Figure 1.  Serial axial magnetic resonance imaging before and after radiosurgery for metastatic renal cell carcinoma to the right frontal lobe in a 47-year-old woman. (a) 28/7/94 Radiosurgery using an 18 mm isocenter and a margin dose of 24 Gy was exposed to treat a 12 mm brain tumor. (b) 13/12/94 Five months after radiosurgery, an increase in the volume of contrast enhancement was noted, with a central low enhanced area that we suspected to be necrotic. (c) 17/5/95 Nine months after radiosurgery, the regressed 8 mm tumor remained and was again treated with 24 Gy margin dose. This tumor completely disappeared 23 months after radiosurgery but 2 new occipital metastases (12 mm and 14 mm) were found and treated with 24 Gy margin doses (26/6/96). The patient suffered slight left side hemiplegia for 2 days after the treatment.

Download figure to PowerPoint

image

Figure 2.  Serial axial magnetic resonance imaging before and after radiosurgery for metastatic renal cell carcinoma in a 69-year-old man. White arrows indicate brain tumors that were treated by gamma-knife radiosurgery (GK). (a) 4/12/98 A 12 mm frontal brain metastasis was found in December 1998, and was treated with 25 Gy margin dose of radiosurgery. (b) 15/6/99 Six months after GK, the frontal brain metastasis decreased in size. (c) 8/17/99 The tumor disappeared 8 months later. (d) 17/8/99 A new lesion at the left cerebellum was found and treated again with GK. (e) 14/12/1999 Four new brain metastases were detected and treated. (f) 9/5/2000 The brain tumors were necrotic.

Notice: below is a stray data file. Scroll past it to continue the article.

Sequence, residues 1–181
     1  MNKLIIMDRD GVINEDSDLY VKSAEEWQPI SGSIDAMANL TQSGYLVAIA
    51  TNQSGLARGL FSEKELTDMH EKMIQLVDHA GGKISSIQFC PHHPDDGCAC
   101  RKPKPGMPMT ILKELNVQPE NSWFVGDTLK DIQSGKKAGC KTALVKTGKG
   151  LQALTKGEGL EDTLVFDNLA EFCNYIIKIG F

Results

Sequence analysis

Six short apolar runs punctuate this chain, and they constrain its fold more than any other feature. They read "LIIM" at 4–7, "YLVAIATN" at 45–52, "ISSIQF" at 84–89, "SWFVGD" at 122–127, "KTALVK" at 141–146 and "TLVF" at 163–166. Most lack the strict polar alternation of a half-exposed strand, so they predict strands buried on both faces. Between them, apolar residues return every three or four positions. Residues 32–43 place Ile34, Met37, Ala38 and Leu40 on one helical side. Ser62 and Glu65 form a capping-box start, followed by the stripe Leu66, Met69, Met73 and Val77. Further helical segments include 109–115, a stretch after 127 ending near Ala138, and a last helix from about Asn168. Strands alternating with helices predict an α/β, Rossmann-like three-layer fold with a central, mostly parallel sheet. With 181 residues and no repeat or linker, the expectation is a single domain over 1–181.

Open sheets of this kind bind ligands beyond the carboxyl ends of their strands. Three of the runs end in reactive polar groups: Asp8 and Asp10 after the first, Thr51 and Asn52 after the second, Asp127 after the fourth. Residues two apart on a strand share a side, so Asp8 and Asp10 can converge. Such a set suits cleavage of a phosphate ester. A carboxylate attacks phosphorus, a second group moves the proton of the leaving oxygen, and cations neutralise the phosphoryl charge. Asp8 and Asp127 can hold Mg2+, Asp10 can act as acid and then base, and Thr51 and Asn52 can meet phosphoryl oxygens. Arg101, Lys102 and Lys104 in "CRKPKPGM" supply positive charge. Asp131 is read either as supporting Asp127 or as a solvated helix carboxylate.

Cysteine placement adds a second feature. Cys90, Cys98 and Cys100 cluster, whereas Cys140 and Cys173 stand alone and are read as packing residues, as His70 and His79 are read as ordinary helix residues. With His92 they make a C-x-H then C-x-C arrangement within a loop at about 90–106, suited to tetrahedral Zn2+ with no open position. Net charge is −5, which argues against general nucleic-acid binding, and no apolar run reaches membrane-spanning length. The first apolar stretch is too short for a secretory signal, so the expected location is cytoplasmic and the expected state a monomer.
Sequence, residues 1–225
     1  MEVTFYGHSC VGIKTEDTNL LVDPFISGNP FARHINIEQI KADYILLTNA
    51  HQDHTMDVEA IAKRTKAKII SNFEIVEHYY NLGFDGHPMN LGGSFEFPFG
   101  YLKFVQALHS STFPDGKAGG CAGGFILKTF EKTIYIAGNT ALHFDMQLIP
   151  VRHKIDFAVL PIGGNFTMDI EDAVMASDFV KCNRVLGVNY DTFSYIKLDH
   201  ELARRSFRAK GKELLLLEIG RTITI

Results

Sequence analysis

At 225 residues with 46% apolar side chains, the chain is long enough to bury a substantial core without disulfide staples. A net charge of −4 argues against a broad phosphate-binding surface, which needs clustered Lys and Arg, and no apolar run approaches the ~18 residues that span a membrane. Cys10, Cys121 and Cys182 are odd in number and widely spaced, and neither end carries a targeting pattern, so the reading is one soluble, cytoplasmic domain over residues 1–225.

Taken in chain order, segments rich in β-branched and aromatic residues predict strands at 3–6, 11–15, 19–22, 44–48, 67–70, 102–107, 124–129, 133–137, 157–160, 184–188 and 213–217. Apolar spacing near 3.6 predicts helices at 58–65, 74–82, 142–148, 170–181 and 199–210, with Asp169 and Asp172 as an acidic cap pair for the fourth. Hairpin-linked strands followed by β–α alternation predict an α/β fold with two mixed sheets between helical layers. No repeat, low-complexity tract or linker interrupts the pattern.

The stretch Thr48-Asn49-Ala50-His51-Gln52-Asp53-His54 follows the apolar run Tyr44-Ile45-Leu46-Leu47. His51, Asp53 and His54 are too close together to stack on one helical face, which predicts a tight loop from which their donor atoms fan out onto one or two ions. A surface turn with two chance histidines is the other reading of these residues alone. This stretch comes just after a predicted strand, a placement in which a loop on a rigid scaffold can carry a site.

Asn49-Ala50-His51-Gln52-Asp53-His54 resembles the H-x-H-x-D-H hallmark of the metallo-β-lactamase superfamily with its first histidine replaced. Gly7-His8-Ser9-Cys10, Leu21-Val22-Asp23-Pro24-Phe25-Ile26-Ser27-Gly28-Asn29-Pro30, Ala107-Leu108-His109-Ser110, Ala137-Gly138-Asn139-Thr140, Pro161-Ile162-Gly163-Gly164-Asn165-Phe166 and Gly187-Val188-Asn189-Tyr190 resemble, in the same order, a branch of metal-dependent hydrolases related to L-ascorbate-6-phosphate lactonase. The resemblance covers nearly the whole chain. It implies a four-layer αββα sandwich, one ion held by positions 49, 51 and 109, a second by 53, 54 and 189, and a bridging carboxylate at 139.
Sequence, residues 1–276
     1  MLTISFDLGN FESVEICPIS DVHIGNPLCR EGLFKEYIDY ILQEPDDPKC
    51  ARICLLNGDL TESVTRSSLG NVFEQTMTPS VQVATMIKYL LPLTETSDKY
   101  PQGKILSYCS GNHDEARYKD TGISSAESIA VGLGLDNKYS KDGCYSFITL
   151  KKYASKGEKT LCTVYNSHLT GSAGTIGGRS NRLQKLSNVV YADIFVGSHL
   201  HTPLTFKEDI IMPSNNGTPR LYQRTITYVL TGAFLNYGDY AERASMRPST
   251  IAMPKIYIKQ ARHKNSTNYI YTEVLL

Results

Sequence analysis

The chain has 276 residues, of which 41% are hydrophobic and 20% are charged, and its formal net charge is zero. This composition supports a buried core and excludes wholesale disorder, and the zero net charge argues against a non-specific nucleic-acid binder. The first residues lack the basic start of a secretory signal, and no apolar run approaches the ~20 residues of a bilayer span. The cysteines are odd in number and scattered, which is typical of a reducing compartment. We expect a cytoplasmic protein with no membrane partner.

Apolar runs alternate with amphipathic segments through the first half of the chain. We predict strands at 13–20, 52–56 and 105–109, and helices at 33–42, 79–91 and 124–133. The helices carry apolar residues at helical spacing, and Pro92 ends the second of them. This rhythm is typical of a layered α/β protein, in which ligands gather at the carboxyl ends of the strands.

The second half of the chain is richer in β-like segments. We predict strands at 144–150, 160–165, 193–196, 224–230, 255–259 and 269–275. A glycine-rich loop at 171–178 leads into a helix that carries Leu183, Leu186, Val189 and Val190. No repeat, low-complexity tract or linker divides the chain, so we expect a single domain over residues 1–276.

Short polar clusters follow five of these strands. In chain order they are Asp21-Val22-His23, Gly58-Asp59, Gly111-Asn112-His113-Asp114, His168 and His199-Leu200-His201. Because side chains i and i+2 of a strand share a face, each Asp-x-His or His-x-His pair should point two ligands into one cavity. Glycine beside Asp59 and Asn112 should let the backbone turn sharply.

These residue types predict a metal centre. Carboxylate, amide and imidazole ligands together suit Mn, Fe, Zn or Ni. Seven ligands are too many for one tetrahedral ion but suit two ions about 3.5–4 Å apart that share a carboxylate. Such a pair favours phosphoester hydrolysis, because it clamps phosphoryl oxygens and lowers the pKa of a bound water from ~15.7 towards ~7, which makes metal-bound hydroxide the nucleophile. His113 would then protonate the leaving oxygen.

Download figure to PowerPoint

Neurological symptoms seen in 40 patients were rapidly improved after GK in 32 patients (80%). There were no changes in 7 cases (18%) and progression occurred in 1 patient (2%). Magnetic resonance imaging evaluation after GK in 32 patients showed the disappearance of the brain tumor in 9 cases (28%), decrease in 13 (41%), no change in 7 (22%) and growth in 3 (9%) cases. Complete response was obtained by GK in tumors up to 30 mm in diameter.